Electric motors are one of the most indispensable and prevalent electrical machines that can be found wherever you go. They’re mainly vital for industrial use, such as in the manufacturing industry, military, and transport vessels both in sea and land, to name a few.
However, there is still a chance of failure and it may eventually lead to issues that can cause them to break down. Motor maintenance and electric generator repairplay a critical role in their continued function, but it’s not the sole solution to retaining or improving performance.
One possibility to consider is also the motor rewinding procedure, which helps extend their lifespan. However, there are a few key factors to consider first before taking the service.
The age of your motor
The age of your motor is the first and foremost factor to consider when you’re thinking of having your motor rewound. The reason being is that it’s essential to know if the cost of rewinding is far more economical in the long run than having it entirely replaced.
With the introduction of the Energy Policy Act and Energy Independence and Security Act in 1997 and 2010, respectively, these laws have now imposed stricter requirements when it comes to the efficiency of the motors deployed across all industries.
If your motor was created prior to the establishment of EPAct, rewinding it will certainly be less costly. However, due to its significantly lower efficiency compared to newer models, you’ll miss out on tremendous energy savings and the lower operating costs born from it.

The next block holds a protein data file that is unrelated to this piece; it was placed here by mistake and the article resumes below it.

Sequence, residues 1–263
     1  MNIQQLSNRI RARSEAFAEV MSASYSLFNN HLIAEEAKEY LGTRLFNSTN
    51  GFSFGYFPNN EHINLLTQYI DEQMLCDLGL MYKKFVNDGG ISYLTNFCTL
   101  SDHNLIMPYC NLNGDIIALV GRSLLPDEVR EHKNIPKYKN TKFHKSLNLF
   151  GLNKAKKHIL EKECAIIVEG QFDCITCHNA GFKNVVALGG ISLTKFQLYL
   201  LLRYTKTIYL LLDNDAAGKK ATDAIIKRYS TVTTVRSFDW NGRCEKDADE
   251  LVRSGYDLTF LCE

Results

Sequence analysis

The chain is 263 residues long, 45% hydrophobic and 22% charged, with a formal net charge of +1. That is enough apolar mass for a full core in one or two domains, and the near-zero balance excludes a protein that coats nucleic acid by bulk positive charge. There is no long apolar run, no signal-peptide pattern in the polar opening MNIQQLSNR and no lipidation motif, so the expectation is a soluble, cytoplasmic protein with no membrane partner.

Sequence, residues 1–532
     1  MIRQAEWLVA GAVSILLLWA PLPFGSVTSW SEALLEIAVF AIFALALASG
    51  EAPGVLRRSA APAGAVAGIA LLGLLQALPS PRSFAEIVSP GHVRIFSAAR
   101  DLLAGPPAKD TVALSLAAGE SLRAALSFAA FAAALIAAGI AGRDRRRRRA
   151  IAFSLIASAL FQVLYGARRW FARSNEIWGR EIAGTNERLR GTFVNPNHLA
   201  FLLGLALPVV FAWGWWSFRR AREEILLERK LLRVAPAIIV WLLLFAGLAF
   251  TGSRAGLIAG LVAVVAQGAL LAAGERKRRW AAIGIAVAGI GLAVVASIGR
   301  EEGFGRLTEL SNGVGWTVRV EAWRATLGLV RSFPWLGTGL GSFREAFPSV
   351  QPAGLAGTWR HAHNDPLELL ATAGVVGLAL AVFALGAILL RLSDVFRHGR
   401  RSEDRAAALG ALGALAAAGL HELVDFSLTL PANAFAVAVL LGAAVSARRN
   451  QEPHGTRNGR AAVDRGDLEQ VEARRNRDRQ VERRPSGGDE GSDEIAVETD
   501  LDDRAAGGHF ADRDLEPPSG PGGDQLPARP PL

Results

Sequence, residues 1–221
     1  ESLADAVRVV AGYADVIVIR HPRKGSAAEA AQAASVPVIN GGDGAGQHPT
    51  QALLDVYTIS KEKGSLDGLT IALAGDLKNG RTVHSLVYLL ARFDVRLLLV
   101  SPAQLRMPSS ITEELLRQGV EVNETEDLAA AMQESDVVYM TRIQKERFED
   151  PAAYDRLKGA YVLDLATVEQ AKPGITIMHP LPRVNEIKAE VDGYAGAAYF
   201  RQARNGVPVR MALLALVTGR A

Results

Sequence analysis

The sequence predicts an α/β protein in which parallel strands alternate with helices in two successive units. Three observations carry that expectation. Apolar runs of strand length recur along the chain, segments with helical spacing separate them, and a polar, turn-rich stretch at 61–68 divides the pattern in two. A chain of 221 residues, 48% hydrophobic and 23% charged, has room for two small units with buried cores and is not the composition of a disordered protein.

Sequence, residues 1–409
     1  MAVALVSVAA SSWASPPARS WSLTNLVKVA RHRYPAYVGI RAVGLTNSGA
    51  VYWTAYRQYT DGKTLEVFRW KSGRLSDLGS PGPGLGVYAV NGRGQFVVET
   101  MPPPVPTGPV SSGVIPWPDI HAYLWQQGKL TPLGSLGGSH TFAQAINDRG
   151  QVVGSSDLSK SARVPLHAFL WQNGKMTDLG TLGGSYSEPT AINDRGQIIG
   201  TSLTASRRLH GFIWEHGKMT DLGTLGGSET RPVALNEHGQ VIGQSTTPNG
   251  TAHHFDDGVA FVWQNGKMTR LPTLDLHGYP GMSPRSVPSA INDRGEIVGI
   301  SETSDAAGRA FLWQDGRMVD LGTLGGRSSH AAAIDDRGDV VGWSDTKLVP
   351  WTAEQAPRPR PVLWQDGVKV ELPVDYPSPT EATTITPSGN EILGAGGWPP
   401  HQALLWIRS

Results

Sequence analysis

Condition of its stator core
The condition and overall health of the motor’s stator core determine whether the motor can benefit from a rewinding. If the stator core is compromised in some way, especially its laminations, then rewinding will be ineffective, and the service can’t restore the motor to its original performance and efficiency levels.
There are many possible ways for the stator core to be damaged, and a typical example is burred laminations caused by the rotor rubbing against the core due to bearing failure. Still, there are other options available like upgrades and replacement – so, ensure you have an engineer who is adept in services like generator rewinding and switchgear testing to look over its condition carefully before coming to a decision.
Overall cost of rewinding and replacing
As touched on briefly before, motor rewinding is, in most cases, the far less costly option if your motor is a bit dated but still viable for the service. But despite the initial savings from rewinding, it’s important to note that the motor’s operation costs will remain high, nullifying the service’s financial advantages in the long term.
In addition, there’s also the downtime and domino effect to consider. Rewinding will mean removing the motor from the system and, in doing so, creates a ripple effect to the other cogs in the system. The losses incurred from the long lead time of the motor rewinding service could prove undesirable, making a complete and speedy replacement much preferable instead.
As such, you may want to consider electric motor overhauling for a clear overview of your equipment’s condition before proceeding for the right type of servicing.
All in all, the points listed here are a few of the main factors to consider before getting your electric motors serviced for rewinding. However, always have a thorough check of their condition before settling on a suitable service.